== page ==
How can I keep my cockerel?

Discussion in 'Local Chicken Laws & Ordinances' started by gardener4477, Aug 9, 2014.

  1. gardener4477

    gardener4477 Hatching

    Feb 14, 2013
    Wales, UK

    Does anyone have any success stories at fighting the council to keep their cockerel? Everything I've read on the net is doom and gloom.

    We bought a flock of Buff Orpingtons as hens but one turned out to be a boy. Last September I was made that one of the local residents had complained to the council. I then set about building a concrete block cock house with thick soundproof insulating. When he's in you can't hear him.

    The council had agreed that I had done a good job but the complaints persisted and I have ended up with a noise abatement notice being served on me. We don't get him up until 8am and since having the new house built I think this aspect of the complaint has now ended but the council now claim that the noise is ongoing during the day effecting residents enjoyment of their properties.

    I have recorded him and he is no more annoying than a barking dog that lives down the road but people are prepared to put up with him and not a cockerel!!!!!

  2. Krissilpn

    Krissilpn In the Brooder

    May 10, 2014
    Jacksonville Florida
    I have a permit that I had to get from the city, I can only have hens and am subject to inspection at any time. Here in the city of Jacksonville Florida. I feel your pain 2 of my chicks turned out to be roosters and I had to drive to Georgia today to re home my favorite sweet RR. He started crowing at 6am. I've noticed with out him my girls are into all kinds of rouble and seem lost during their free range time lol. Guess he really did keep them in line. The thinking here is you do not need the protection the rooster provides (as you should be keeping them contained in the city) and you do not need them for eggs. I agree it is unfair. I know my two Yorkies make way much more noise! But people fought to have hens her in Jax and I'm in a test group with only 300 permits. I'm not going to make waves. Just going to buy a house out of town! Good luck!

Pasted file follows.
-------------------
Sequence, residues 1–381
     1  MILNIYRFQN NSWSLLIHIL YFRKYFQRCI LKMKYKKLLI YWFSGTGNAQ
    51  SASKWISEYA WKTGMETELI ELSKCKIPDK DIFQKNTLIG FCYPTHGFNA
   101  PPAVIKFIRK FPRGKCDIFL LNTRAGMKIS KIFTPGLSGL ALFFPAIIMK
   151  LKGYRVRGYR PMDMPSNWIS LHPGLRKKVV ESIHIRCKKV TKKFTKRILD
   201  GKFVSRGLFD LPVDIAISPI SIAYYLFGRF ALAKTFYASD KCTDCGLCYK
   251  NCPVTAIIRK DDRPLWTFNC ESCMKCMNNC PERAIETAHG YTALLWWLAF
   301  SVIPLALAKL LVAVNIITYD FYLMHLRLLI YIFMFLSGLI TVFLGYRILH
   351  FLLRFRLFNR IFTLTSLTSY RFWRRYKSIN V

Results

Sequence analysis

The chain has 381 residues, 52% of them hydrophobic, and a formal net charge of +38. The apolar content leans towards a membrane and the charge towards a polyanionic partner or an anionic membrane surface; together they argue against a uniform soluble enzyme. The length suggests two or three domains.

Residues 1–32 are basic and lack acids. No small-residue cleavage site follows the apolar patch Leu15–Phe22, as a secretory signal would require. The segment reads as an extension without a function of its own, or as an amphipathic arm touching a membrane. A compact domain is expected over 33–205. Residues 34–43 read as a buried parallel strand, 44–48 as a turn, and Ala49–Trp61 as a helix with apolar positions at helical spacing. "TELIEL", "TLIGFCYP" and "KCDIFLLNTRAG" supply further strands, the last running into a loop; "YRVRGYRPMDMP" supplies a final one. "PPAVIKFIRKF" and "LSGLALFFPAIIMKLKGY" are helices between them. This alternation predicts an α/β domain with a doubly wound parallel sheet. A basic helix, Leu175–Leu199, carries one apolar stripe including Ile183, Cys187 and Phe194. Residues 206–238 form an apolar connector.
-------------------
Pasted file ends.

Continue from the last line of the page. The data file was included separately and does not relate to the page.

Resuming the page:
3. Michael OShay

    Michael OShay Crowing

    May 14, 2014
    I'm sorry you have to give up your cockerel, but you can always look at the positives of not having a rooster. Roosters can be very hard on your hens physically; over-breeding them, injuring them with their beaks and spurs, and battering them. I currently have 25 hens, no roosters, and I get loads of eggs without feeding any non-egg laying mouths, without the aggression, fights, crowing in the middle of the night, injuries, and over-bred and battered hens that frequently goes along with having roosters (especially too many). Good luck in re-homing your rooster.
  4. buckbye

    buckbye Songster

    Aug 14, 2012
    House/basement pet til this thing blows over and they move on to the next unmowed lawn or illegally parked tricycle. Subterfuge and lies are a mitzvah when it comes to busybody neighbors and their "quality of life" crap.

  5. Mtn Laurel

    Mtn Laurel Songster

    May 18, 2012
    Northern Virginia
    My Coop
    You might want to try a Rooster Collar. It's a soft collar that goes around their throat, preventing them from crowing at full volume. It doesn't injure them and they can eat, drink, etc. with it on. It just reduces the volume of the crowing.

    I have a rooster chick and will be getting a rooster collar for him or I'll have to get rid of him.

    Video of rooster collar in action:

  6. gardener4477

    gardener4477 Hatching

    Feb 14, 2013
    Wales, UK
    Rooster colar sounds interesting if all else fails. I would have to speak with the RSPCA first or the RSPCB and seem if its legal in the uk. Please follow my progress at Thanks!

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